Finally, we have the book I’ve been looking for all my career: Creative Deviations by John Lepp.
This book focuses on the most-neglected aspect of effective fundraising: Design. (It does a lot more than that too, and I’ll get to that in a bit.)
There are a lot of really good books about fundraising. But nearly all of them (including my own books) only lightly touch on design. That’s because the writers of these books are writers. They know how to work with words, and how those words work with donors.
But put one of them in front of professional design software, and you’ll see the look of panic. (I tried to do something with InDesign a few years ago. Nope. That avenue of knowledge is not open to me! And others like me.)
So the writers stick to the very good writing advice to “write what you know.” We do our best, but we have only rudimentary design advice to share.
You and I both know that the way a message looks matters just as much as what it actually says. Design – the use of color, shapes, type, imagery, etc. – carries messages just as words do. I find my role in the design of fundraising largely limited to keeping things from being unreadable. That’s important, but it’s only a start.
Then along comes John Lepp. A designer who really knows fundraising. You may have met him in The Fundraisingology Lab, the Moceanic members-only community. If you have, you’ve seen his deep and practical knowledge at work. After years on the speaker circuit, he’s put it all down in this incredible book.
His fundraising design philosophy is straightforward. He calls it “design for donors,” and describes it this way:
It means that the donor’s needs are placed ahead of the needs of your boss, your designer, and the marketing and communications team with all of their subjective opinions about design. As a “designer,” I need to meet my donor where she is, not where I want to be.
Yes, that’s exactly what your approach to fundraising writing should be too.
That’s how I know this is good stuff.
The thing about Creative Deviations is that it covers all the ground we need to cover in fundraising: strategy, writing, and design. It’s very personal, highly illustrated, packed-with-real-world-examples, and just plain fun. I learned a lot of new and useful things.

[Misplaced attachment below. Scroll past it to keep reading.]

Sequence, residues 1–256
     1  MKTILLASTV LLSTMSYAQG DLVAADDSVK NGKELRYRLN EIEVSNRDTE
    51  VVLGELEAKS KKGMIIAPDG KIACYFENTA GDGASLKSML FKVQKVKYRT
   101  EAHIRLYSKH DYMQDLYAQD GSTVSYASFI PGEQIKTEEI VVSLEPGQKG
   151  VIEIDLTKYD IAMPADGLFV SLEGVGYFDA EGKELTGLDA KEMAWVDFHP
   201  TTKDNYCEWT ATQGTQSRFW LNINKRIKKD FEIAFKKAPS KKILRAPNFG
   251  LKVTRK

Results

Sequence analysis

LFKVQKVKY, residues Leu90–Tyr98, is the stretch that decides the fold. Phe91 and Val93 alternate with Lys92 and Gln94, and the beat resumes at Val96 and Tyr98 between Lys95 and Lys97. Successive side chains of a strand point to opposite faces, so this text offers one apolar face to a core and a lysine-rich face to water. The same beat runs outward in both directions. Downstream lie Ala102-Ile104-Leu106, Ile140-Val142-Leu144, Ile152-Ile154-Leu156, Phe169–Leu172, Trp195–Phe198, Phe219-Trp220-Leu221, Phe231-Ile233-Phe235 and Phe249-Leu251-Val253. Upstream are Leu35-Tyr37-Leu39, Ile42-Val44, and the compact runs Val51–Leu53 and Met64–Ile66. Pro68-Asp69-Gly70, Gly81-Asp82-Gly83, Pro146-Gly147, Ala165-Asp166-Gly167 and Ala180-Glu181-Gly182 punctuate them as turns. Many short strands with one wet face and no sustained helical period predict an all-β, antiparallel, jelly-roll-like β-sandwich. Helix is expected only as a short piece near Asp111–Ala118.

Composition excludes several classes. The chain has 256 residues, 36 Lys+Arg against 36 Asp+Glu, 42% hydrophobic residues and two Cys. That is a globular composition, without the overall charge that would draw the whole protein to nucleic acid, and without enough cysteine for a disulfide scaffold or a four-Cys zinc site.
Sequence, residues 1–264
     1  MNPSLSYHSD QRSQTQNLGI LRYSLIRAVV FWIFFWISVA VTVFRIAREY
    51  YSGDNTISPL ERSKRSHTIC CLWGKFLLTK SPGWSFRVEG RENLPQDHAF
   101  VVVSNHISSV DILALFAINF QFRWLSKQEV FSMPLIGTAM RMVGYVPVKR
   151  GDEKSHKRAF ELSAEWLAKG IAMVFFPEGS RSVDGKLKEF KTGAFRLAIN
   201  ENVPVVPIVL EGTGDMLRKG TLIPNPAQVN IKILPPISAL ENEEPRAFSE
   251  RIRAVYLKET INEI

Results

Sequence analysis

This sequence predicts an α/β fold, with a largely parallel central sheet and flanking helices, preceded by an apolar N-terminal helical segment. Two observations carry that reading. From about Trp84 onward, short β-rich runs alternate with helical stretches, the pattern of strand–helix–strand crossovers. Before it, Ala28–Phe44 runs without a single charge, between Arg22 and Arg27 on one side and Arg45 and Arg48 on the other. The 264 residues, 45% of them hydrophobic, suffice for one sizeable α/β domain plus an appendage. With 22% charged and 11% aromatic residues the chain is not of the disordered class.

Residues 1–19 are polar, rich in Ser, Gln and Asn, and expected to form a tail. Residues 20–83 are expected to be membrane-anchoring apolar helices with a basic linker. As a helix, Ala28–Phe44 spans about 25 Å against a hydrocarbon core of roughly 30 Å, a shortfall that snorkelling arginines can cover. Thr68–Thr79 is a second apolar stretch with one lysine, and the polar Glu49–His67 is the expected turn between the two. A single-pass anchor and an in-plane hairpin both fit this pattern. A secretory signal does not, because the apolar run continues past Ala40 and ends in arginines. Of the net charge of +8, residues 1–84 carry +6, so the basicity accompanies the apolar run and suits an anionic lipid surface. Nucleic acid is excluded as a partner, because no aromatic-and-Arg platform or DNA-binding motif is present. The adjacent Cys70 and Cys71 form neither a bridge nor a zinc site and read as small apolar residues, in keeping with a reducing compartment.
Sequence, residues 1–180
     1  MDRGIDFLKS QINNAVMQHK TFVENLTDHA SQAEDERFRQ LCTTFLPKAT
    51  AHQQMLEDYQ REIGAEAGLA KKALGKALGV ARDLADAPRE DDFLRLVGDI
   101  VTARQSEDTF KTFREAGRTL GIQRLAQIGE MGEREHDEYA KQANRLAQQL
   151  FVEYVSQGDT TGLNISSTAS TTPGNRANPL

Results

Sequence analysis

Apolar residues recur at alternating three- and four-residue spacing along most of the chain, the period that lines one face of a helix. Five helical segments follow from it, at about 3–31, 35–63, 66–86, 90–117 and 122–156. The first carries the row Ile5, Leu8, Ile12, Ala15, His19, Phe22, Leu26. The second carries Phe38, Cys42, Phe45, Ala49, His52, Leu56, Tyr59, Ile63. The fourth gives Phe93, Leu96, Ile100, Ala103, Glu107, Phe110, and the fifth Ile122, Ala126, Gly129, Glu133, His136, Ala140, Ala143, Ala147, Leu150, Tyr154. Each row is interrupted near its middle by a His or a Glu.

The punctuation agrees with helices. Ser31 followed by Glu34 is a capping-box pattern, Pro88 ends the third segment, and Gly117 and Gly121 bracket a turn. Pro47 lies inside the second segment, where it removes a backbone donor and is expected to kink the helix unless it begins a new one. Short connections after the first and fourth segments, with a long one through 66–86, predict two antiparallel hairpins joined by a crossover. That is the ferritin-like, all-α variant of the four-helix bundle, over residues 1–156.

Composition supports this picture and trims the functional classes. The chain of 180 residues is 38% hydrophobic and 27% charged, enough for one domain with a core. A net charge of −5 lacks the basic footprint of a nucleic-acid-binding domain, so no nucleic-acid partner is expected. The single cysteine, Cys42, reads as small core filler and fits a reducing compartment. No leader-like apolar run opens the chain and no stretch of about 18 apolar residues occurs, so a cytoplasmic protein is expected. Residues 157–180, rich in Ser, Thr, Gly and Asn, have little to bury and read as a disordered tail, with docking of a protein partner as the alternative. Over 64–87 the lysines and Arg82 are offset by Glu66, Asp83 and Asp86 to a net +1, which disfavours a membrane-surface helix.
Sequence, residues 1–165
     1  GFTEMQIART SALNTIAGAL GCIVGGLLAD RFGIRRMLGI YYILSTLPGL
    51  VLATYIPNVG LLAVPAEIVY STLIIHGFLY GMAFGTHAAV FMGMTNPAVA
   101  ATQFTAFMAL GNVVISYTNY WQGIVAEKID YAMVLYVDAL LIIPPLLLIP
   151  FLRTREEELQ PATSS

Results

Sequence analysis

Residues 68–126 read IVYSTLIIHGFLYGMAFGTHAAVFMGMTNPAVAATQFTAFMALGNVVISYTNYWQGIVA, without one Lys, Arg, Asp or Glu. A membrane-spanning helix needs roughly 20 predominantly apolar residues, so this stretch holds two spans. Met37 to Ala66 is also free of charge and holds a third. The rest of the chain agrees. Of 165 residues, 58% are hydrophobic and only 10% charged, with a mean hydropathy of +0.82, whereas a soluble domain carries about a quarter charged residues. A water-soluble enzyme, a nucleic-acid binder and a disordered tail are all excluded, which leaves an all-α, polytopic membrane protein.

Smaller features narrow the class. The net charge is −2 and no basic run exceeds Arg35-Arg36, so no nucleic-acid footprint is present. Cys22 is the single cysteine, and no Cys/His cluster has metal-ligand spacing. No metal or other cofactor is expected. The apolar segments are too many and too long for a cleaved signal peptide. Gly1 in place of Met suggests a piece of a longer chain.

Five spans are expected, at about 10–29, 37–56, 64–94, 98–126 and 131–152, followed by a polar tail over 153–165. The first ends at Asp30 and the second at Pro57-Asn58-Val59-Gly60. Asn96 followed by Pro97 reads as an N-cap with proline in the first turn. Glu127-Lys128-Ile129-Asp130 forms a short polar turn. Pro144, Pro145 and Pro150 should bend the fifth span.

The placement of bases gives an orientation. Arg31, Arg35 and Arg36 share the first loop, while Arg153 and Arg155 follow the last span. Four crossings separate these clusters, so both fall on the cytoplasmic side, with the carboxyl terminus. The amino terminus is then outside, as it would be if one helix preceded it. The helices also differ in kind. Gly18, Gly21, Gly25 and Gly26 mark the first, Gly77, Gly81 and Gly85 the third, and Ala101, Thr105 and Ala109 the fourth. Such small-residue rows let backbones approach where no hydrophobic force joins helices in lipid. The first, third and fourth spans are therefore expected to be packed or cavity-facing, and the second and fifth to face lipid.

To give you a flavor of what you’ll find, here’s a sample:
10 things John Lepp wants you to know about type in fundraising
- Contrast: Use a high contrast color for text and background.
- Type Color: Print material is most readable in black and white. If using colored text, restrict it to things like titles, headlines or highlighted material.
- Point Size: Bigger is better. Keep your text large. Preferably between 12 and 18 point.
- Leading: Leading is the space between lines of text and should be at least 25%–30% of the point size. This lets readers move more easily to the next line of text. Bolder type will need slightly more leading.
- Fonts: Avoid complicated or decorative fonts. Choose standard fonts with easily-recognizable upper and lowercase characters.
- Font: Opt for fonts with medium weight (or heaviness) and avoid light type with thin strokes. When emphasizing a word, italics and upper-case are not recommended.
- Letter Spacing: Don’t crowd your text. Keep a wide space between letters.
- Margins & columns: Separate text into columns to make it easier to read, as it requires less eye movement and less peripheral vision.
- Paper Finish: Use a matte or non-glossy finish to cut down on glare. Reduce distractions by not using watermarks or complicated background designs.
- Simple design: Use distinctive colors, sizes and shapes in your design but ensure that each element supports the message of the piece.
There’s a lot more like this in this excellent book. Like how to write stronger copy. How to work effectively with consultants. How to do a great job of thanking donors. How to encourage donors to leave your organization in their wills. And how to stay strong, confident, and on top of things as a fundraiser. Think of it as a one-stop survival kit for smart fundraisers.
No matter how well-designed your fundraising is, you can’t help but wonder how inflation and economic uncertainty might impact your fundraising. Good news! We’re offering an all-new and FREE Moceanic webinar called Fundraising in the Face of Inflation, Recession and Other Storms. Long-time fundraising expert Sean Triner will show you the practical steps you can take now to keep donors close and income flowing. The free webinar will only happen on September 14/15. Only a limited number will be able to attend! Sign up here!
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